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Home Hub Cryptocurrencies What is Bitcoin Halving? What Do New Zealand Investors Need to Know in 2022

What is Bitcoin Halving? What Do New Zealand Investors Need to Know in 2022

Bitcoin is programmed to reduce its supply rate by half every four years. What does this mean to NZ investors?

Posted January 27, 2020

Bitcoin BTC Halving 2020 New Zealand NZ coin being sliced in half
Bitcoin BTC Halving 2020 New Zealand NZ coin being sliced in half

Bitcoin Halving is a fundamental part of Bitcoin’s code, where approximately every four years (or every 210,000 blocks), the Bitcoin blockchain programmatically halves the rate at which Bitcoin gets released into circulation.

The rate at which Bitcoin gets released (or issued) can also be thought of as Bitcoin’s own inflation rate — after each successive Bitcoin Halving, the inflation rate gets reduced by half.

Wait, there is inflation in Bitcoin?

Now, inflation isn’t in itself a bad thing.

New Bitcoin must be released through block rewards, in order to reward miners for securing the network. An increasing supply of Bitcoin means that more people can own Bitcoin without competing too much for it, keeping the value of Bitcoin relatively stable.

One of the main value propositions of Bitcoin is that it is a continuously scarce asset. Bitcoin is similar to gold in this respect. As we strip the Earth of gold, it becomes less common and harder to come by, thus increasing its price in the long-term, provided that the demand for gold hasn’t been reduced.

If we apply the same logic to Bitcoin, we may find that the number of Bitcoins will not ever catch up and match the demand for Bitcoin. As a result, theoretically, Bitcoin’s price will continue to rise in the long-term.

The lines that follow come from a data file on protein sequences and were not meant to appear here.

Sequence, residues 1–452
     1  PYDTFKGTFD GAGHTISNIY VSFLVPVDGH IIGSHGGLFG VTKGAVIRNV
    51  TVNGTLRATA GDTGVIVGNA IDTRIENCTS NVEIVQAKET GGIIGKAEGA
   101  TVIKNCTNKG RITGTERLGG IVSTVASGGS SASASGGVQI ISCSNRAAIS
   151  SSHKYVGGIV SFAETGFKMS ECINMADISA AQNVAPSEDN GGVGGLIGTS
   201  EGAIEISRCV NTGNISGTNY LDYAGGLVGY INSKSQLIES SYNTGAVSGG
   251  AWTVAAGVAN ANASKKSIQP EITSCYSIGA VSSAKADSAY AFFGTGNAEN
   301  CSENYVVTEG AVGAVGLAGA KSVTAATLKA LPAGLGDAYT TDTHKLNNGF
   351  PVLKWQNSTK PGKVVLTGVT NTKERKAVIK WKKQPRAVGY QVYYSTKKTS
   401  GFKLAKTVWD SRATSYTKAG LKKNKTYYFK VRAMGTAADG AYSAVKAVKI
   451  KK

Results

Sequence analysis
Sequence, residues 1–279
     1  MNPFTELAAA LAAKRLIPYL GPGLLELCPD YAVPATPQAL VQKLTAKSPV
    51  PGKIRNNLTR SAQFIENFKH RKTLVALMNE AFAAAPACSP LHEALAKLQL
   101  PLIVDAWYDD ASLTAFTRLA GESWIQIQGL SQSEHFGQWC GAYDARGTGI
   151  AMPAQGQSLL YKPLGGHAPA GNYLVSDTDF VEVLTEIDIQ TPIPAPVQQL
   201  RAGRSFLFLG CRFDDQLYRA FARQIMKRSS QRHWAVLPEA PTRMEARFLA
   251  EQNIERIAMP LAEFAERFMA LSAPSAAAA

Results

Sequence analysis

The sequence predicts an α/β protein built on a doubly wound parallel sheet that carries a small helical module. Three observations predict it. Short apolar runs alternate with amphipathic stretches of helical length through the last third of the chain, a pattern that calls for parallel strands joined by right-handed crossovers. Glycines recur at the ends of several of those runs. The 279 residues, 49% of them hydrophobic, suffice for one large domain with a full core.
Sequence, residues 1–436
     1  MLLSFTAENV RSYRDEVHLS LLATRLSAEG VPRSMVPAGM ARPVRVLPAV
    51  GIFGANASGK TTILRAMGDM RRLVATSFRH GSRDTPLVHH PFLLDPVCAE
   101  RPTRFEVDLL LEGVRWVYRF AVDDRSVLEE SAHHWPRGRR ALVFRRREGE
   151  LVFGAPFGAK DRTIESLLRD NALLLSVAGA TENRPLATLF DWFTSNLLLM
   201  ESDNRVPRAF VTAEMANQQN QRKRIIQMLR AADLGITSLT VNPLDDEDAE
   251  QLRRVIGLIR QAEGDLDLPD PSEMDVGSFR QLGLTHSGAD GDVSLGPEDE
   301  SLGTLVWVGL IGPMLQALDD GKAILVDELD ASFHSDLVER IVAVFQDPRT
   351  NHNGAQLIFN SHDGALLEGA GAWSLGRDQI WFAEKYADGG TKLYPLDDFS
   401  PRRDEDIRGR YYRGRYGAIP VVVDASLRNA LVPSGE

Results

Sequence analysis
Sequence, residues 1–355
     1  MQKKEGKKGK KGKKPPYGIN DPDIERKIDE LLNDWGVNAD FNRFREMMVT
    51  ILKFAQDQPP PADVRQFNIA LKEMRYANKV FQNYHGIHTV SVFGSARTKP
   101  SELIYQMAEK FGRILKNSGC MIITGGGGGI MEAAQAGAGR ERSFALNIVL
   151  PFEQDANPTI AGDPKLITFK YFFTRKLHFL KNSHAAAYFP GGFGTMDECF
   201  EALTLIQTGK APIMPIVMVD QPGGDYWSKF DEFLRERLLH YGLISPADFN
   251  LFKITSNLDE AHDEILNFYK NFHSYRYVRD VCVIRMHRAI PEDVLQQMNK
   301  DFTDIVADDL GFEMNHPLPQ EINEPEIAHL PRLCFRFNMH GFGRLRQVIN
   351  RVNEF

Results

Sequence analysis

When was the last Bitcoin Halving?

On 12 May 2020, the second Bitcoin Halving occurred. The Bitcoin blockchain reduces the block reward rate of Bitcoin from 12.5 to 6.25 Bitcoin per approximately 10 minutes (a single Bitcoin block time).

The next one will occur around 4 May 2024. Note that the actual date of the Fourth Bitcoin Halving may lie before or after this date. This is because Bitcoin doesn’t keep track of time the same way that we do.

As prefaced above, Bitcoin’s issuance rate halves at every 210,000 blocks, and each block gets created on average every 10 minutes. Sometimes a Bitcoin mining machine gets its reward in less than 10 minutes, but sometimes the network could even go on for a whole day before any mining machine gets rewarded.

(In the long-term, the Bitcoin algorithm adjusts the mining difficulty so that it would take 10 minutes on average for a mining machine to get block rewards).

Why does the Bitcoin Halving matter?

We may estimate that, from an economics perspective, that over the long-term, the Bitcoin price will increase due to an imbalance in supply and demand.

However, some analysts like to speculate on the price movements of Bitcoin before, during, and after each successive Bitcoin Halving.

Bitcoin Halving chart explained

Look at the chart below. Don’t focus too much on the exact prices reached by Bitcoin, but instead on the price movement pattern.

This chart isn’t the true price chart of Bitcoin. Instead, the Y-axis (the line that shows the price levels) is modified to show the lower price ranges as clear as possible (this chart is logarithmic).